Skip to main content

Rwanda, Innovative Pilot Evaluation: Aflatoxin Reduction in the Rwanda Maize Value Chain from October to December 2021
The evaluation of this pilot activity is being commissioned by the Regional Bureau of Nairobi (RBN), in collaboration with FtMA and WFP Rwanda Country Office.

Subject of the evaluation
Maize is the third largest crop in Rwanda and is largely produced by smallholder farmers (SHFs). Access to commercial markets is limited by excessively high levels of aflatoxin levels in their crops due to fungal infections which occur as a result of poor storage in humid conditions. Aflatoxin cannot be removed from affected crops and causes acute and chronic sickness. AflaSight is a commercial start-up, supported by WFP, which aims to introduce a novel technology in Rwanda which sorts contaminated crops and removes affected grain.

Objectives and users of the evaluation
This real-time pilot evaluation was commissioned by the WFP Regional Bureau of Nairobi (RBN) to examine the performance of the technology and understand its value to SHFs and other members of the maize value chain. The report provides its main users, including WFP, AflaSight, and Government, with evidence to guide future support for AflaSight.

The evaluation used a mixed-methods, theory-based approach. It covers the first three months of the pilot – less than initially planned due to delays in the installation of the processing line and the expiration of the WFP evaluation budget at the end of 2021. Primary data were collected in late 2021 and included interviews with key stakeholders in Kigali, as well as field visits to cooperatives in the Southern Province to conduct interviews, focus groups, and a detailed quantitative survey of 400 coop members. Data collection coincided with the roll-out of pilot activities, so findings regarding adoption, impact and sustainability are relatively speculative.

Key findings

Appropriateness for the realities and needs of the targeted beneficiaries

The pilot offers a solution for SHFs, agro-processors and traders to the widespread problem of aflatoxin. It complements existing approaches to aflatoxin reduction, such as the post-harvest practices promoted by the Farm to Market Alliance (FtMA), and is closely aligned with relevant policies and strategies of WFP and Government to ensure safe food and support SHFs.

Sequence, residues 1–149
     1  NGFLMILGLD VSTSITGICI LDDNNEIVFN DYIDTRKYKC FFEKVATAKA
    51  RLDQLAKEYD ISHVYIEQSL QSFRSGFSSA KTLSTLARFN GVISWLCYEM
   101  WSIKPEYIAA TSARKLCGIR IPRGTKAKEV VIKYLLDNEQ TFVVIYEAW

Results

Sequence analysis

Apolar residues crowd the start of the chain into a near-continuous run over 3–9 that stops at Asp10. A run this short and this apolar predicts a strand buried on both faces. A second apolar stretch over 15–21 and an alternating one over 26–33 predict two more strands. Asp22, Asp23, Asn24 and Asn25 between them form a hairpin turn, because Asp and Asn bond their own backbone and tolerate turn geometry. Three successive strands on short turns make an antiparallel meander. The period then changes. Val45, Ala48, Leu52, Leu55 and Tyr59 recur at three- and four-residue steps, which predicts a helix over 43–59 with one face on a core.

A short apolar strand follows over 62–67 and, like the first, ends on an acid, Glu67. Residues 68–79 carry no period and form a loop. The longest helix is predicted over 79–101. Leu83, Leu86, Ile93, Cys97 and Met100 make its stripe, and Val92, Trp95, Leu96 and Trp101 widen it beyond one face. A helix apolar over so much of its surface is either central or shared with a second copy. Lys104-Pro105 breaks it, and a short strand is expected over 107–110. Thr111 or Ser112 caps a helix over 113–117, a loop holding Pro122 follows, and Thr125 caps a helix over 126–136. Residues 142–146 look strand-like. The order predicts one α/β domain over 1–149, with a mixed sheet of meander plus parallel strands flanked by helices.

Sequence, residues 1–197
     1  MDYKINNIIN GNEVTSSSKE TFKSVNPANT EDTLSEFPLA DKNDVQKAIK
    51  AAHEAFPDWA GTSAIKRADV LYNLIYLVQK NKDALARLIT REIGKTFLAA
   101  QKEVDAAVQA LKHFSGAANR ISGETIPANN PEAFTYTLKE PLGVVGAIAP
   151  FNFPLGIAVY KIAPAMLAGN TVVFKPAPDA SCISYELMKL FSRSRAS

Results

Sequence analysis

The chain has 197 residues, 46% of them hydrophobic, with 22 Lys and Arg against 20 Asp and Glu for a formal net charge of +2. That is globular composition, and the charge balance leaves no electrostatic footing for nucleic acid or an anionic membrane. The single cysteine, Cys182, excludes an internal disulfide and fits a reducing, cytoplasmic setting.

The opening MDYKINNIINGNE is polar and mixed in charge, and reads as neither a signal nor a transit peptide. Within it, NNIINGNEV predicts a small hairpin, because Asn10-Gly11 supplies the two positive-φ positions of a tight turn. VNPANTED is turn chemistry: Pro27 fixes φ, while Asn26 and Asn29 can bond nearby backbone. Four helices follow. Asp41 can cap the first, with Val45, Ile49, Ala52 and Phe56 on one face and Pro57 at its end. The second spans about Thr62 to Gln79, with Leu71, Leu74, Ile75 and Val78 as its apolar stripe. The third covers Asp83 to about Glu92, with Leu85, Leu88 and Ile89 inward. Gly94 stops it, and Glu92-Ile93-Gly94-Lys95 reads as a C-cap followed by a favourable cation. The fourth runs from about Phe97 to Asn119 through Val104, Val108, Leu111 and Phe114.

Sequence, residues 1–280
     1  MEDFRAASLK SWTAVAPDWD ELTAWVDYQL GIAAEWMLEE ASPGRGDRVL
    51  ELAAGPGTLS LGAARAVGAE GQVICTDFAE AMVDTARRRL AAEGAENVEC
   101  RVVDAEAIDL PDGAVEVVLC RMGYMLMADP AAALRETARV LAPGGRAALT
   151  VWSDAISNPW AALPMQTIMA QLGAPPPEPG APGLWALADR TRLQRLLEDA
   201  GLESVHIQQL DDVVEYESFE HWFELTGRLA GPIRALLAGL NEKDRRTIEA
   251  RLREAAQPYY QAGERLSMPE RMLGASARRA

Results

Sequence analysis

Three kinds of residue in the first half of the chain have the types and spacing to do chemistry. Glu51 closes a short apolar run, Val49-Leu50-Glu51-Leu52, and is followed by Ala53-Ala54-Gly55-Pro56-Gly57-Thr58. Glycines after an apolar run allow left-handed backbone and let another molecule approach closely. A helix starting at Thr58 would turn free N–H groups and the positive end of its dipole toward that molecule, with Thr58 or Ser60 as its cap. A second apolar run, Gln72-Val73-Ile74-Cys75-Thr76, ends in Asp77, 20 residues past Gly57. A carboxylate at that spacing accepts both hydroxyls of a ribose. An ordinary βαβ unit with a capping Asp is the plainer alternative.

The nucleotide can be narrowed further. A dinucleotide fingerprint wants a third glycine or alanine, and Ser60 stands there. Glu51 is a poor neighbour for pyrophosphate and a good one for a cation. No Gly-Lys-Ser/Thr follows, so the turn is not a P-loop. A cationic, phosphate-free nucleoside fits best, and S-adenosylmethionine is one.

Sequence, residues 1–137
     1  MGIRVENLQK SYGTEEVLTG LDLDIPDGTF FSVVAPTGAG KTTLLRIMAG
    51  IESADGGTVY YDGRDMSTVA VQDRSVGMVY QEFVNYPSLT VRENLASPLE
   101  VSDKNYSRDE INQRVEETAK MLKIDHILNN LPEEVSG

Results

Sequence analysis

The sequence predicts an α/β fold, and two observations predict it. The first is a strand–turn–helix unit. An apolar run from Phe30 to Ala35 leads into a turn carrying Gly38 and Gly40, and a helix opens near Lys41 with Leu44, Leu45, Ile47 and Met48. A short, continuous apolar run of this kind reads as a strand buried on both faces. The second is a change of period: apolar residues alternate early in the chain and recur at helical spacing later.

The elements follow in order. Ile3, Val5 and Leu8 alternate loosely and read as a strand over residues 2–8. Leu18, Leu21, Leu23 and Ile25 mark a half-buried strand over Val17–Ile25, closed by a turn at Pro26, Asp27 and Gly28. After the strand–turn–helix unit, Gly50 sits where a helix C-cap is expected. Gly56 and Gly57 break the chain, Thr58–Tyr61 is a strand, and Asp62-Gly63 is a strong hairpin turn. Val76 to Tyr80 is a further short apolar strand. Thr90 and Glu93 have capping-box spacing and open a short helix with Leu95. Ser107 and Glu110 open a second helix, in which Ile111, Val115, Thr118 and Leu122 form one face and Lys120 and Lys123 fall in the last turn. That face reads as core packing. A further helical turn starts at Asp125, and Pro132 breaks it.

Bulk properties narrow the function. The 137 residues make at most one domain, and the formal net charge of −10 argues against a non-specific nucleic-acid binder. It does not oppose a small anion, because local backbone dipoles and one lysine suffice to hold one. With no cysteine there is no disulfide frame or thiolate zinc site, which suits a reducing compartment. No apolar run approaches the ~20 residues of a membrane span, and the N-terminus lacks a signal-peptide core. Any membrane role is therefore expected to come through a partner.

Acceptance, understanding, and accessibility of the technology by farmers and other stakeholders

Smallholder farmers were only being made aware of the technology at the end of the evaluation period, and processing of smallholder grain began thereafter. Processors, traders and Government are positive about the potential value of the technology.

Cost-effectiveness of the pilot

For agro-processors, AflaSight is the least costly solution for aflatoxin reduction if they can offset the processing costs by buying contaminated grain at sufficiently low prices. Calculations suggest that the required price discount is only half the current price difference between premium and local markets, thus offering potential gains for both buyers and SHFs.

Performance of the technology

The technology has shown its ability to reduce aflatoxin levels – up to 80-90 percent in the most contaminated batches of grain – depending on the source of grain and initial aflatoxin content. Results for growing season A are not yet available and may be different. Weight losses from optical sorting are typically below 5 percent. The first batches of contaminated commercial grain from a cooperative have been converted to low-aflatoxin grain by the technology with no failures.

Enhancement of connections between smallholder farmers and premium buyers

The technology allows agro-processors to source a larger share of their demand for high-quality maize domestically. This additional demand will increase connections between coops and premium buyers. FtMA support plays an important role in creating the conditions for linking coops to premium buyers.

Emerging effects on the livelihoods of farmers

Any grain that would previously have been rejected (but can now reach premium markets) can bring additional income for SHFs, provided that premium buyers share their gains from the technology with farmers. Coops will need to connect with direct users of AflaSight and be sufficiently informed about the technology and the aflatoxin levels of their harvest to maximise their benefits. Any income increase, once achieved, is likely to continue in the future.